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Insulating under in-floor radiant heat

I have in-floor heat. The tubes are in metal attached to the undersides of the subfloor.

I put 3-inch fiberglas insulation between the joists and then stapled plastic to cover it. I was told the the fiberglass is absorbing the heat instead of reflecting it back up. Should I get the foil bubble type so it reflects the heat back up?

I want it to be as efficient as it can. The house is about 3000 sq. ft. It's a log home.

Asked by Rodney Coryer
Posted Jun 19, 2014 10:20 AM ET
Edited Jun 19, 2014 11:02 AM ET

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6 Answers

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1.

The fiberglass is behaving as insulation, just as it should. It has very little thermal mass and isn't "...absorbing the heat...".

Reflective bubble pack reflects heat, but only the radiated fraction of the heat transfer. Since the tubing is covered with an extremely low emissivity metal (bare aluminum), the radiated fraction of heat transfer is less than 10% of the total. Bubble-pack performs at about R2 in this type of stackup if snugged up against the aluminum heat spreaders. If you install it with an inch or two of air between the bubble pack and aluminum heat spreaders you gain the insulating advantage of the air films, and it would perform at about R6, R8 tops. But three inches of fiberglass runs about R10-R12 (R13+ if it is batts designed for 2x4 framing, and actually 3.5", not 3".) Replacing it with bubble pack would be a step down in performance.

Three inches of fiberglass is fine for separating zones, but if the space below is unheated basement or crawlspace it can be worth adding another 3". If it is a VENTILATED crawlspace it's worth putting in MUCH more, but it may be cheaper/easier/better to insulate and air-seal the exterior walls of the crawlspace, converting it into conditioned space.

The only time reflective materials have any advantage is when the hot surface is highly emissive (not sheet metal), and the temperature differences quite high (say, a 150F roof deck above an uninsulated 60F air conditioning duct.) But even in those situations there are usually more cost effective solutions than reflective bubble-pack.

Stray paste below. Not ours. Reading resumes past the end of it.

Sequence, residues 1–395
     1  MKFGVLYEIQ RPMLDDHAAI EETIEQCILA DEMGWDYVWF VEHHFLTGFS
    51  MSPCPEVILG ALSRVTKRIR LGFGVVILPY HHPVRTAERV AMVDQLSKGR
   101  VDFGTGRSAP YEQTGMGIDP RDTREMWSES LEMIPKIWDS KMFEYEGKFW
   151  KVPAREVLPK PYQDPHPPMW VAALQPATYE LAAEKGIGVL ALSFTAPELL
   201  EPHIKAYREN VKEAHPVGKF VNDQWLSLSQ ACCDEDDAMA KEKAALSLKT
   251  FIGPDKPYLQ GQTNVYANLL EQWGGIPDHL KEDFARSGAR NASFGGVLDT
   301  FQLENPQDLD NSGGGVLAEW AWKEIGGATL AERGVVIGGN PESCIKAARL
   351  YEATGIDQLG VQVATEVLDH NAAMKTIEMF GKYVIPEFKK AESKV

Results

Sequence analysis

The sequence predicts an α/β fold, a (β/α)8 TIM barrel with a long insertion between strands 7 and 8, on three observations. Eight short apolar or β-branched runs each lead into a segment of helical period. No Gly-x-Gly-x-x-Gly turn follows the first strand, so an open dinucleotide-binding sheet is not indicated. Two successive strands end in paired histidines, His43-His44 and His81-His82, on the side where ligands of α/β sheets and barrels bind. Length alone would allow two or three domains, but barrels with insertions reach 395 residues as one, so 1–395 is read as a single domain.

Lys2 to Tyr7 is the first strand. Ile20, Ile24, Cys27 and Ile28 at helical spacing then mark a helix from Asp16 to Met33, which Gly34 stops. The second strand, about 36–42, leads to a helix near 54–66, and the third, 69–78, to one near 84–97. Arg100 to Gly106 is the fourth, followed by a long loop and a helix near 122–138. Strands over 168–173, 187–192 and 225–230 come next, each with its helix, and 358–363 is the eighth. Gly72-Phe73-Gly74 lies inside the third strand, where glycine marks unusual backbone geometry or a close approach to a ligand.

Answered by Dana Dorsett
Posted Jun 19, 2014 10:52 AM ET

2.

Rodney,
If I were you, I would remove the polyethylene on the underside of your joists. If you want to install an air barrier under your joists, the best product to install would be foil-faced polyiso (rigid foam) with taped seams.

Answered by Martin Holladay, GBA Advisor
Posted Jun 19, 2014 11:03 AM ET

3.

Thank you. That makes since and saves me a lot of work and money. Maybe I will put in more. It is above a basement but the pellet boiler is down there and keeps it warmer there.

Answered by Rodney Coryer
Posted Jun 19, 2014 11:06 AM ET

4.

I have a garage under part of the house and it is finished with sheet rock. The are above it seems to have a more even heat where the areas not over it are not. Should I just finish the basement?

Answered by Rodney Coryer
Posted Jun 19, 2014 11:21 AM ET

5.

If the standby losses of the pellet stove are heating the basement, you're better off insulating the basement walls. The best bang/buck is usually a combination of rigid foam trapped to the foundation with a fiber-insulated studwall. An inch or so of foam under the bottom plate of the studwall as a thermal & capillary break is recommended (it's not structural, it's just holding up the insulation & wallboard.) The foam/fiber R ratio needs to be considered, and is relative to climate.

For isolating the radiant over in unconditioned garage you'll need to add more fiber insulation- fill up that bay, and add rigid foam as a thermal break on the joists. Since the foam/fiber ratio would have to be significant for dew point control there, it's probably better to use 1.5-2" of EPS, which is vapor permeable rather than foil faced polyiso. (Foil faced polyiso would be fine in the basement though, since the space is passively heated, and would not create a condensation/mold issue.)

Answered by Dana Dorsett
Posted Jun 19, 2014 11:44 AM ET

6.

So the best path to go I should put up EPS, more insulation, and try to insulate the walls. I thank everyone for the advice.

Answered by Rodney Coryer
Posted Jul 7, 2014 8:22 AM ET

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